The residents of Kisewe in Temeke district have expressed serious concern on the dangers posed by large scale sand digging in the area.
According to the sources, a sand quarry that used to belong to Kioo Limited Company, was recently abandoned after it became water logged following the recent heavy rains. "The diggers have now shifted to another nearby site and we are worried that it will lead to serious land degradation, including soil erosion," said a group of residents who spoke to this newspaper.
They also complained that they were not getting anything from the revenue collected. "We are also worried that the abandoned site which is full of water poses serious danger to our children during their normal play," said a parent who lives close to the site.
A survey by the "Sunday News" shows that several areas on the outskirts of the city of Dar es Salaam including Chanika, Tegeta and many other peripheral areas face the same problem, where local leaders have encouraged sand quarrying to generate income, which often does not benefit the residents.
According to the residents of the visited areas when they saw these activities going on, they called for a meeting with their chairmen to discuss the matter, but no action was taken. The councillor for Chamazi, Mr John Gama, said that two years ago the Municipal Council had issued permits for sand quarrying but revoked them after realizing the damage to the environment.
"There were many people intruding in the area to collect sand, which was degrading the environment which could not be controlled, hence the need to revoke the permits," he added. Speaking on the latest action taken by the Temeke Municipal Council authorities, Mr Gama said that just two days ago the council militias were cracking down on soil excavators who had invaded Chamazi area.
"We are also working very closely with the National Environment Management Council (NEMC) to address the issue of soil excavation and reverse the damage left by the pits," he said. Sources further said that during the meeting the Chairman of Mbande, Chamazi Ward, Mr Hamisi Shomvi was tasked by the residents to account for the revenue generated by various activities in the area.
When contacted some residents who preferred not to be named told the 'Sunday News' that the area has a lot of activities including soil excavation and selling of plots demanding that the revenue collected should benefit the residents. The Chairman told the meeting that the activities had only generated 800,000/- for the whole year, said the source. But many residents have disputed the amount, saying it was not realistic.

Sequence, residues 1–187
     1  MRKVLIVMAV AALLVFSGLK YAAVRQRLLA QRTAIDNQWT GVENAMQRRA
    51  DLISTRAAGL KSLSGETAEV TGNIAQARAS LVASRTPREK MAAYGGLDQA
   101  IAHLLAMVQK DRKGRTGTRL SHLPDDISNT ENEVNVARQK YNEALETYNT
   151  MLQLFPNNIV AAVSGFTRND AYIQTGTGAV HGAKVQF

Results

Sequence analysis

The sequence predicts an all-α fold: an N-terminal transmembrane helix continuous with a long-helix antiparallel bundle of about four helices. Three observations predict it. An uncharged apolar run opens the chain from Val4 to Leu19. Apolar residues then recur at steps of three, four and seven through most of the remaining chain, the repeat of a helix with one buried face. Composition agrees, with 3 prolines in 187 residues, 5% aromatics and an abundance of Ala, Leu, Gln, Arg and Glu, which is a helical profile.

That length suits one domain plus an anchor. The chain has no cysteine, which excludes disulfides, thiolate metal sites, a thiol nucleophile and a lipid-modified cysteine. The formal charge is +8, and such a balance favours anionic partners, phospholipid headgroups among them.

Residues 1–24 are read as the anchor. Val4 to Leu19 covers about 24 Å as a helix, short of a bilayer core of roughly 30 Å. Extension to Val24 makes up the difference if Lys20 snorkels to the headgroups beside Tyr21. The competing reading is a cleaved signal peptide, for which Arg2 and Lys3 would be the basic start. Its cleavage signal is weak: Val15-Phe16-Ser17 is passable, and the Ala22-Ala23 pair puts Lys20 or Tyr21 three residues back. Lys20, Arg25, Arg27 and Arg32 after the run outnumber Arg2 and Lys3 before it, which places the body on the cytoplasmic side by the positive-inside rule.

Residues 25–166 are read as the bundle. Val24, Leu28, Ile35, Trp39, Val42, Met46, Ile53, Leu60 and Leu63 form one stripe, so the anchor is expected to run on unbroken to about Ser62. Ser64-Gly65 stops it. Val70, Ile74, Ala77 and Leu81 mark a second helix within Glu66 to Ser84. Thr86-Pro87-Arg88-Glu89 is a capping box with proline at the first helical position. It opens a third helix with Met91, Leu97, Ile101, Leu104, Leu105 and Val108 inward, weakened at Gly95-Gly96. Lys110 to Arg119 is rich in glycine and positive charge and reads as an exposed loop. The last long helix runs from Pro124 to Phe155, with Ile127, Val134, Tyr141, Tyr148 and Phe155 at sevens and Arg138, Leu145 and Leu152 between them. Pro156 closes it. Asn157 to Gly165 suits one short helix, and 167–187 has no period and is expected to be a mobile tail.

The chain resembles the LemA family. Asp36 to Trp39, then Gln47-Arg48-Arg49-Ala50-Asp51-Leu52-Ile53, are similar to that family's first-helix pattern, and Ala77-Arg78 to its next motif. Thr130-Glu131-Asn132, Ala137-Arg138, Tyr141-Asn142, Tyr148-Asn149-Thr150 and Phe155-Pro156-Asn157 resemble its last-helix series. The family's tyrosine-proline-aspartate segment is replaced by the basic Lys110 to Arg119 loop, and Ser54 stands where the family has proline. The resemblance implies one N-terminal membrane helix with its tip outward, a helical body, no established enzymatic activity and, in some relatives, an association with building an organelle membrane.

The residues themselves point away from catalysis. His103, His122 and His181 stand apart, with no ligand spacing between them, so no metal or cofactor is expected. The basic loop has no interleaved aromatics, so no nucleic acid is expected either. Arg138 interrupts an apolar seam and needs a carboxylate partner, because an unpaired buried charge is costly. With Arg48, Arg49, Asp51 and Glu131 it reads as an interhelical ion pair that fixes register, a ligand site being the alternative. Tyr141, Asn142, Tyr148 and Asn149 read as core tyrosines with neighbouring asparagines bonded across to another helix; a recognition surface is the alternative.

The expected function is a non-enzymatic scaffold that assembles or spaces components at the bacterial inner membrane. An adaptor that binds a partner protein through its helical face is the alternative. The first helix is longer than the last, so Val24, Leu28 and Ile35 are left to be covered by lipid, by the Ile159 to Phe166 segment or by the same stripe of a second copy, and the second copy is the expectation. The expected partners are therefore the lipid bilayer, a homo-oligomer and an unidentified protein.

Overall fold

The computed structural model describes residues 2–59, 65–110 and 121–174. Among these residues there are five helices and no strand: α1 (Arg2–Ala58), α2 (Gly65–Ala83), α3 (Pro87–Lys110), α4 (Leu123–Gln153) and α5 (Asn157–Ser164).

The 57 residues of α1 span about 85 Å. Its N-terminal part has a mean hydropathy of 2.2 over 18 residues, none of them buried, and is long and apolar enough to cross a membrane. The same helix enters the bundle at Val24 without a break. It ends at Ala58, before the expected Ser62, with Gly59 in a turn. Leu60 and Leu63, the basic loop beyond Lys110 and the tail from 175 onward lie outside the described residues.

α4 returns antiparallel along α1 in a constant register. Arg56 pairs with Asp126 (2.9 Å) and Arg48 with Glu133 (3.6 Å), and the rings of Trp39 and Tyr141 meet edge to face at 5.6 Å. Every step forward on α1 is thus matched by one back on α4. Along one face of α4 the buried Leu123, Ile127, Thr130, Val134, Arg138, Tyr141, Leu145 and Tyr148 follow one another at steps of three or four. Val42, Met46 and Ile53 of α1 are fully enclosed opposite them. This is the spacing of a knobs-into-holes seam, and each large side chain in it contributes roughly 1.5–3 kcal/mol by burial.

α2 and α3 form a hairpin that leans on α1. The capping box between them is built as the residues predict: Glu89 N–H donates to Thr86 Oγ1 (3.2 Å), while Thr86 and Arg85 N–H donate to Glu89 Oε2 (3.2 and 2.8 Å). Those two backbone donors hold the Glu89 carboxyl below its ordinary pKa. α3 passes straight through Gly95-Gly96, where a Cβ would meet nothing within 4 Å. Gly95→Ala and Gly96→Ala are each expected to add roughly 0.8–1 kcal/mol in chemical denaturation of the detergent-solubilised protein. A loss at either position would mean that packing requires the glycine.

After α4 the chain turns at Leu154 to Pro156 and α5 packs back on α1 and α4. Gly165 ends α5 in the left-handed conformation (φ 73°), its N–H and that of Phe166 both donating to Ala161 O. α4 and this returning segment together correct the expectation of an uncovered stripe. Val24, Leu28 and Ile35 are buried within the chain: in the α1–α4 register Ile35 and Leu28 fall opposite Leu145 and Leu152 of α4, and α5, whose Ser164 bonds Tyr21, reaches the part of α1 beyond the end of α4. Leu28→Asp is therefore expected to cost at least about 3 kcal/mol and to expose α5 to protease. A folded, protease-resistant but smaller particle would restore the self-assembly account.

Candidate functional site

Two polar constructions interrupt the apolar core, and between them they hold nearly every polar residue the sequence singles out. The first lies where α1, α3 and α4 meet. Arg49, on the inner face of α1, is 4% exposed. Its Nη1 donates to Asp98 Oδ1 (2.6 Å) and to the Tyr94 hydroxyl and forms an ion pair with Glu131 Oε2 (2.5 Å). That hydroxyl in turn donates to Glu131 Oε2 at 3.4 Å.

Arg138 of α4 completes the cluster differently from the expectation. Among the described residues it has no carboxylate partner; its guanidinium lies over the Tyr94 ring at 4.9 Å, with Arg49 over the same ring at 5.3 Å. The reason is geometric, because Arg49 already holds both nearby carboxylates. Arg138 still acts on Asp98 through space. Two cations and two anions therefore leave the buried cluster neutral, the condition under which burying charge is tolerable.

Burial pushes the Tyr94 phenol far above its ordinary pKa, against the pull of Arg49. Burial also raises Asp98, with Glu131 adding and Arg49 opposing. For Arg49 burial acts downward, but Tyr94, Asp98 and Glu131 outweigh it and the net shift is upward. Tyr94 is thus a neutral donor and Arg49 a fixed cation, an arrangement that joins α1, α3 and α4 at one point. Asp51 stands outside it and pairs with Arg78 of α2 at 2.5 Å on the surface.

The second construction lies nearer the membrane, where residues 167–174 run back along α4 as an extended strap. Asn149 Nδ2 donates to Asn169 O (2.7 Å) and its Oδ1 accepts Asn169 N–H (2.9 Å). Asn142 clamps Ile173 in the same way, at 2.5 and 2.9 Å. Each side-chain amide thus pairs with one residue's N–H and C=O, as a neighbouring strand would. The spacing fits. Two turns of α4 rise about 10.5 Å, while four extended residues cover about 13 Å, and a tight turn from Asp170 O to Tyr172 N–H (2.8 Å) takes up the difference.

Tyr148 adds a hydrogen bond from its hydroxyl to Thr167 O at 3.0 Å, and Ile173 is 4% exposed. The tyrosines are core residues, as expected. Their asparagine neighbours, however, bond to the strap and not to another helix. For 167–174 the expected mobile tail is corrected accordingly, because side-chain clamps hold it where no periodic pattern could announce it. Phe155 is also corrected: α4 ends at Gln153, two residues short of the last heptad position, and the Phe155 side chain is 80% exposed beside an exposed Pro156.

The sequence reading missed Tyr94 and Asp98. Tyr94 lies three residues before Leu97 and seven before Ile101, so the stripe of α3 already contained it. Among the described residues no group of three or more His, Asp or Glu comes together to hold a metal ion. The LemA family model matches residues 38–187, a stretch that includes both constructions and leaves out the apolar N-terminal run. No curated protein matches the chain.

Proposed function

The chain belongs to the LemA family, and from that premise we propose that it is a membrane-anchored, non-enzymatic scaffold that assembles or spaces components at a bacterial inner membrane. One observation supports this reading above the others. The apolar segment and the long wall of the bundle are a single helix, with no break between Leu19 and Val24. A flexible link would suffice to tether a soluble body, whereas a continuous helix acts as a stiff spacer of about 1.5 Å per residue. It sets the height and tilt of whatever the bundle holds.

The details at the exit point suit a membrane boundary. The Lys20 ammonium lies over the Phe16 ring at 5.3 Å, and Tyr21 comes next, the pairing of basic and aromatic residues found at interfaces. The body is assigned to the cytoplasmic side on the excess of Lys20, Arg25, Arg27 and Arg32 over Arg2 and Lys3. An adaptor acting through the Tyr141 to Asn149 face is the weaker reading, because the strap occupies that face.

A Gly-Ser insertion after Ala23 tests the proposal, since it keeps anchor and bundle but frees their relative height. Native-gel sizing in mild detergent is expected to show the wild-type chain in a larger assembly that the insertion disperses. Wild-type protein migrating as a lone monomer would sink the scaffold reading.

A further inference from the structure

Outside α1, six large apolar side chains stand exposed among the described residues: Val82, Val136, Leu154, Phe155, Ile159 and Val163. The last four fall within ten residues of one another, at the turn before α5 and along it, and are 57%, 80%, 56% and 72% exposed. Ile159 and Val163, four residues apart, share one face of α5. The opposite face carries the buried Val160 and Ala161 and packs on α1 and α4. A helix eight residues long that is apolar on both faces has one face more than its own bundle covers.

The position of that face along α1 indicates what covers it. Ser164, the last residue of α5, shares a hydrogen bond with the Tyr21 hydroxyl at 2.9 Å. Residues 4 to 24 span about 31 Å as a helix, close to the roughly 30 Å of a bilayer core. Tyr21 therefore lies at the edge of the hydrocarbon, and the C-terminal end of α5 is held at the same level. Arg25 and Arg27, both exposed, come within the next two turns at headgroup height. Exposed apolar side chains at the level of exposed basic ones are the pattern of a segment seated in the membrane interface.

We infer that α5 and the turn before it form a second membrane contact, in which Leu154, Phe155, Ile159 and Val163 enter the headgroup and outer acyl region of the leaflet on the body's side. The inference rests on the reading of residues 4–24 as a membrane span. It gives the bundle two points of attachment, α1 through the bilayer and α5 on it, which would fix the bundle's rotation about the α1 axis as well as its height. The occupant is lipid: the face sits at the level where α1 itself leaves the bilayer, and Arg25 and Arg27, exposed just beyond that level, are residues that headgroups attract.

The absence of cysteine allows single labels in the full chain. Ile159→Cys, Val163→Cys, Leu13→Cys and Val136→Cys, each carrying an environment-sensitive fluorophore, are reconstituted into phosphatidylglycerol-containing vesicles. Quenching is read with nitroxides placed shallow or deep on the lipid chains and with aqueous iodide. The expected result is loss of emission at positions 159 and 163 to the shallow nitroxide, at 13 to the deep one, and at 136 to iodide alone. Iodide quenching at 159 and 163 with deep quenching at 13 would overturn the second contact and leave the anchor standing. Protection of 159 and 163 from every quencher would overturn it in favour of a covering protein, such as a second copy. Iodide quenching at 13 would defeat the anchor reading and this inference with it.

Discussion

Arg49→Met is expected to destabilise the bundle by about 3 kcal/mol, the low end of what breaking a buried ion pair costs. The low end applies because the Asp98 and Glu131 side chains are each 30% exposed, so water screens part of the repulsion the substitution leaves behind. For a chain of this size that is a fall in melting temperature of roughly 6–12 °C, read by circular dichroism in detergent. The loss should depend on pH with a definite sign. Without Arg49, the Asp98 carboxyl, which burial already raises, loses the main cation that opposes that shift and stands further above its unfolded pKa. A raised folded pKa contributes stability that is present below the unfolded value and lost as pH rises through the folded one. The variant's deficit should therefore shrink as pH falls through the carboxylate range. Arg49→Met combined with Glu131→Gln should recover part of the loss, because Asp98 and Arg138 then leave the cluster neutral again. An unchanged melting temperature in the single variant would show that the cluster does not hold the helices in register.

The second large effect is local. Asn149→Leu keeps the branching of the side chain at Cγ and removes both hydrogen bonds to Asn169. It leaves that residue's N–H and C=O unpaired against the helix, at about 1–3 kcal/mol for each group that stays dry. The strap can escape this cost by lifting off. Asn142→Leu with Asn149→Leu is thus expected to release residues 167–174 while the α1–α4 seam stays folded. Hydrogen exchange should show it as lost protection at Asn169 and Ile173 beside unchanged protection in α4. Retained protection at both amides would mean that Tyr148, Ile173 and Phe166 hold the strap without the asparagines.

"We know that a truck of sand costs up to 120,000/- and the chairman charges 10 per cent for every trip collected," said a concerned resident. The concerned resident further said that the minimum price for a plot that land owners sell is 2.5m/- and the chairman collects 10 per cent of the value. The residents claim that plots worth millions have been sold but the commission in form of revenue is not on record.
The residents have also pointed out that they have lost confidence in their leader. "He is not cooperative and does not bother to attend the funerals and other social gatherings," they claimed. Some residents claim that if the chairman is summoned for a business transaction even if it is taking place at midnight he will attend forthwith.
They had already reported their concerns to the CCM Temeke District office, they added. "We have asked the CCM leadership to investigate the matter and find a replacement for us," said one of the CCM members. Clarifying the matter, Mr Shomvi said he was not surprised to hear all those allegations against him. He added that there must be some people out there who do not like him and he cannot satisfy everyone in the area.
"I want to make it clear that the soil excavation activities had stopped long ago in my area, I have no authority to interfere in the neighbourhood. "The area which is now being used by the diggers is not under my jurisdiction, but a neighbouring local government street, he said.
He explained that his area has so far generated about 750,000/- which is in their bank account. He said that through such revenue, Mbande residents have been able to construct their own office. So far the construction has cost 500,000/-. He agreed the abandoned sand quarry posed danger to people and their livestock and said they will try to fence it off.